Canada has introduced an Electronic Travel Authorization (eTA) entry requirement for visa-exempt foreign nationals flying to or transiting through Canada. As of March 15, 2016, travellers who do not require a visa to fly to Canada need to apply for an eTA. This includes passengers travelling on an Irish passport.
Applying for an eTA is a simple, inexpensive ($7 Canadian) online process that takes minutes to complete. To apply, travellers must have a valid passport, a credit card, and an e-mail address. An eTA is electronically linked to a passenger’s passport and once approved, it is valid for 5 years or until passport expiry.
To ensure there are no travel disruptions while travellers learn about the eTA requirement, Immigration, Refugees and Citizenship Canada (IRCC) has introduced a transition period (leniency period). During this period, border services officers are able to admit travellers arriving in Canada without an eTA, provided they are not otherwise inadmissible. This leniency period will be in place until September 29, 2016.
As of September 30, 2016, passengers who arrive at the airport without an eTA should expect to experience delays in their travels. For this reason, travellers should apply for their eTA before booking your flight to Canada.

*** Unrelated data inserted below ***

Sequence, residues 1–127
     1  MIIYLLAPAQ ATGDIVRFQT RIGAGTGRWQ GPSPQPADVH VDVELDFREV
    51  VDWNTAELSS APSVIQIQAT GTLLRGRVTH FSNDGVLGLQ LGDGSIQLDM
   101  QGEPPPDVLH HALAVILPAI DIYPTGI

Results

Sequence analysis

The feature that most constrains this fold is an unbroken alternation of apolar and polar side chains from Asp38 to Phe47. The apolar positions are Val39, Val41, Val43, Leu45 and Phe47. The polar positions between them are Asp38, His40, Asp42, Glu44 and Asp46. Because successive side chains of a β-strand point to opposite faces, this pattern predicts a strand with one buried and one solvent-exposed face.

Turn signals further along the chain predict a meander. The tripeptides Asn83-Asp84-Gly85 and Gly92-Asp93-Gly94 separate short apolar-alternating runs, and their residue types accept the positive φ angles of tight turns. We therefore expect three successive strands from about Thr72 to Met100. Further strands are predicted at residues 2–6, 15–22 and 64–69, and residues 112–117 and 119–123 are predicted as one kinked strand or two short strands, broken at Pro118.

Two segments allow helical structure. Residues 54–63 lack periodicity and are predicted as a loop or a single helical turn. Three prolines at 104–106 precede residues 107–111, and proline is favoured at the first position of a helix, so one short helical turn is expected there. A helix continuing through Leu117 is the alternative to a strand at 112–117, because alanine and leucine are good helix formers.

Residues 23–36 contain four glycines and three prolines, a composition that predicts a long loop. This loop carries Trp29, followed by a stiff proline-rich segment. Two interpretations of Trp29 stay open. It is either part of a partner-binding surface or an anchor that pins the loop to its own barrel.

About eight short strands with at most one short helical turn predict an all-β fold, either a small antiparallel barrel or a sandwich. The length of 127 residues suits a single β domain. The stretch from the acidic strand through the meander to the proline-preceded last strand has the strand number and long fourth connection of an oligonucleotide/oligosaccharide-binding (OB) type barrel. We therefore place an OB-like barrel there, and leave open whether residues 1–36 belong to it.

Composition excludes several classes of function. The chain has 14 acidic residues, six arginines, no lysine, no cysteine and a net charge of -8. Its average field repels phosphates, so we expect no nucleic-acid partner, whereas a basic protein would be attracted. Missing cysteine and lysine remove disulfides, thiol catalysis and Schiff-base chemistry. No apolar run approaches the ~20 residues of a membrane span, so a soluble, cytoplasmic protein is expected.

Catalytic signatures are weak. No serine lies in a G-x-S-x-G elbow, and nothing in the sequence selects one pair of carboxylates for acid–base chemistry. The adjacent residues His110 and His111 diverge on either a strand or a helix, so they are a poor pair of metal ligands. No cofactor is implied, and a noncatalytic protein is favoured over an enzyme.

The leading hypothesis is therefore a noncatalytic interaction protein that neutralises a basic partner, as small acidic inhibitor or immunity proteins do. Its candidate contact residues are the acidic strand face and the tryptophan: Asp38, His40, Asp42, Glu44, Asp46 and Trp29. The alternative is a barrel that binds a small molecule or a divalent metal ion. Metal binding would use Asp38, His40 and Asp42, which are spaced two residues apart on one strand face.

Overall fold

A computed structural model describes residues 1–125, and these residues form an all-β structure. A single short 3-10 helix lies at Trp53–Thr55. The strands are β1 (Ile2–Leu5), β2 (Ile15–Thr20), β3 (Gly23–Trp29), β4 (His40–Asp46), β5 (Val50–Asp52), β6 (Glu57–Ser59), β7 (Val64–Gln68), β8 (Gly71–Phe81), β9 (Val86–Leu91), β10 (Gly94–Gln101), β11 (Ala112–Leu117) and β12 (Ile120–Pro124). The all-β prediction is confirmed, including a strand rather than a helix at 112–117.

For more information or to apply for an eTA, visit Canada.ca/eTA .
Irish-Canadian dual citizens please note carefully:
Dual citizens, who hold Canadian citizenship and citizenship from a visa-exempt country such as Ireland, cannot apply for an eTA because eTA was set up to screen foreign visitors for admissibility to enter Canada.
If you are a dual Irish-Canadian citizen you cannot apply for an eTA on your Irish passport and must enter Canada on a valid Canadian passport. You may be denied boarding if you attempt to travel using your Irish passport.
To prepare for these changes, dual citizens are strongly encouraged to apply for a Canadian passport. This will prevent delays during travel and help ensure dual Canadian citizens are treated according to the rules that apply to Canadian citizens.
Note: As it can take time to get a Canadian passport, IRCC encourages Canadian citizens, including dual citizens, to renew or obtain these documents as soon as they can and before leniency period ends. Find out more about travel documents for dual Canadian citizens flying to Canada.
Irish citizens who are permanent residents (PRs) of Canada please note carefully:
Permanent residents (PRs) of Canada are not eligible to apply for an eTA. Canadian PRs must carry and present their valid PR card or Permanent Resident Travel Document (PRTD) when boarding a flight to Canada or travelling to Canada on any other commercial carrier.
If your PR card expires, it does not mean you have lost permanent resident status, however it is your responsibility to apply for a new PR card when your current card expires. If you need to replace or renew your permanent resident card, make sure to plan ahead and check the processing times.
If you have lived outside of Canada for many years and are not sure whether you are still a Canadian permanent resident, see “How long must I stay in Canada to keep my permanent resident status” to review the residency requirement details.